Zach Pop isn’t the biggest name going from the Dodgers to the Orioles in the Manny Machado trade. But he does have the most electric arm, as well as an impressive track record against A-ball competition. In 35 professional games, the 21-year-old Brampton, Ontario native has allowed just 27 hits — only one of them a home run — in 48.1 innings. His ERA is a minuscule 0.93.
A seventh-round pick last year out of the University of Kentucky, Pop profiles, at least stylistically, as a right-handed version of Zach Britton. His signature pitch is a sinker that not only dips and dives but also sits in the mid-90s and ticks even higher. The worm-killer certainly proved to be an anathema to Midwest and California League hitters this season. Pitching for the Great Lakes Loons and Rancho Cucamonga Quakes, Pop boasted a 64% ground-ball rate and a .168 batting-average-against before being promoted to Double-A earlier this week (and subsequently swapped to the Dodgers, who are reportedly assigning him to the Bowie BaySox).
Pop talked about his aggressive approach on the mound and his decision to not sign with his then-favorite team out of high school, prior to the trade from Los Angeles to Baltimore.
Pop on how he gets outs: “For me, it’s being able to throw that two-seam sinker — whatever you want to call it — to both sides of the plate, and mixing in the slider. I’ll go in with the four-seam, as well, to give a little bit of a different look, but everything starts off with the two-seamer sinker. That’s my strength. I like to stay down in the zone.
“I’m hunting outs any way I can get them. My goal is to induce weak contact, and if they want to swing at the first or second pitch and make an out before I can get a strikeout opportunity, than so be it. I haven’t really struck out that many guys this year with the Quakes, only around one per inning, maybe a little less. For the most part, I’m just trying to be efficient. I’m trying to break a barrel or just keep the ball on the ground.”
On his sinker and his delivery: “I do [have good velocity]. Yesterday, I hit 99 with my two-seamer. It used to be the case that I’d throw harder with my four-seam, but now it’s kind of equaled out. The only thing that’s really different is the movement. I get some pretty crazy numbers on my sinker. I think I have something like 20 inches of horizontal, and five inches of vertical, movement.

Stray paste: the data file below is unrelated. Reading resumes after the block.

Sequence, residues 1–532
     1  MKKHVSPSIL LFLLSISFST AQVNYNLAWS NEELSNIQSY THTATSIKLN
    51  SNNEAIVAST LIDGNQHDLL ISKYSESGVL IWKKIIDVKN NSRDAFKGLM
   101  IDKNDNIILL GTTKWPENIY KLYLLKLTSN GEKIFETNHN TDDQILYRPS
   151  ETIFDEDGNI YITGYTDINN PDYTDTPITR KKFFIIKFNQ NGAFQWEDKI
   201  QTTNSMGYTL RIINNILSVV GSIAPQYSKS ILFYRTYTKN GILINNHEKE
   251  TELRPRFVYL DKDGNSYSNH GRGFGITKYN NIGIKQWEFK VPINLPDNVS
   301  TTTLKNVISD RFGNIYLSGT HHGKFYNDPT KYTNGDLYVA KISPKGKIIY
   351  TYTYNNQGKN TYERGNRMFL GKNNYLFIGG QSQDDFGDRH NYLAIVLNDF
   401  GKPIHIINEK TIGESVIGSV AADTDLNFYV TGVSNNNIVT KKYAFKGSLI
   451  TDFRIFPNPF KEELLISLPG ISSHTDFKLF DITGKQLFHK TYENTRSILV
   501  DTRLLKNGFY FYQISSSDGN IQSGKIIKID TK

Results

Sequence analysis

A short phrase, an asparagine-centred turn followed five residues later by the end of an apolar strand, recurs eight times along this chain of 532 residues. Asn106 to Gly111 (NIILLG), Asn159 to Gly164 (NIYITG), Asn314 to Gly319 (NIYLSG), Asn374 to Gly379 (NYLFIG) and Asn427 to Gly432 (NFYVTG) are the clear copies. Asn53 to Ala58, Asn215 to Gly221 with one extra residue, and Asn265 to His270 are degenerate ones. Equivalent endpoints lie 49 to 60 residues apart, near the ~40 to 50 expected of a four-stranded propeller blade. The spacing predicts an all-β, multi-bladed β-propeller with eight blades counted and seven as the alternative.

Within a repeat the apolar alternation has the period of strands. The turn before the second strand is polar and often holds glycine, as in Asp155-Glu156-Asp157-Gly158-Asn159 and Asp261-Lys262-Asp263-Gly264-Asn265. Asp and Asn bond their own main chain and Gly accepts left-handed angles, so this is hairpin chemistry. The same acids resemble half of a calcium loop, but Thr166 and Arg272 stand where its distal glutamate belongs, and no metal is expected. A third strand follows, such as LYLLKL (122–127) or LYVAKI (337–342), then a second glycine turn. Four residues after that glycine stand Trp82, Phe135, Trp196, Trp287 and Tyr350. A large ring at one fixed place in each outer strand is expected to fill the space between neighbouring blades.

“Delivery-wise, I’m kind of a low three-quarters guy, an almost side-arm kind of deal. I do a good job of pronating the baseball and kind of taking a lot of the stress that’s on my arm and moving it to my back, my scaps, and other parts of my body, like my triceps, to help decelerate.”
On his mental approach: “As much as anything, my focus is on going out there and competing, and more so with myself. The guys at the plate… I understand what they do, and I’m going to execute my plan within what they do, but for the most part I’m doing what I do. I’m going to throw this pitch here, and if he hits it, he hits it. If he doesn’t, or if he makes weak contact, I’m probably getting out of the inning. That kind of deal.
“I heard a really good quote from Inky Johnson, who was a football player at Tennessee. He came up with this idea of imposing your will on the outcome of the game. I kind of take that same mindset. I compete hard. When the hitter comes up, I want to make that at-bat the hardest at-bat he’s going to have. Whether he hits a bomb, or whether he grounds out — it’s baseball — he doesn’t enjoy facing me.
“I wouldn’t call myself [an adrenaline junky]. Not anymore. I used to be in college, but now that I’m in pro ball and going through the daily grind of baseball, I’ve kind of leveled out to where I’m able to keep a level head… [and] I’m not riding the highs too high or the lows too low.”
On not signing with the Blue Jays out of high school: “At the time, I was basically a new pitcher, learning how to pitch. I’d been a position player, a first baseman, and during my junior year I started transitioning to a pitcher. My first real full season on the mound was probably my senior year. Coming out of high school, I would sit 90-93 and touch 94. My sophomore year [at the University of Kentucky], from lifting and kind of just growing into my body, is when I got another velocity jump and hit 99 and 100.
“I wanted to go to college for that experience, and to develop there. I thought I could go higher in the draft — the first couple of rounds — out of college. Unfortunately I got the injury, which really hurt me in that respect. I had a forearm flexor strain, but I rehabbed that, and this year I’ve been feeling really good. Knock on wood.”
David Laurila grew up in Michigan's Upper Peninsula and now writes about baseball from his home in Cambridge, Mass. He authored the Prospectus Q&A series at Baseball Prospectus from December 2006-May 2011 before being claimed off waivers by FanGraphs. He can be followed on Twitter @DavidLaurilaQA.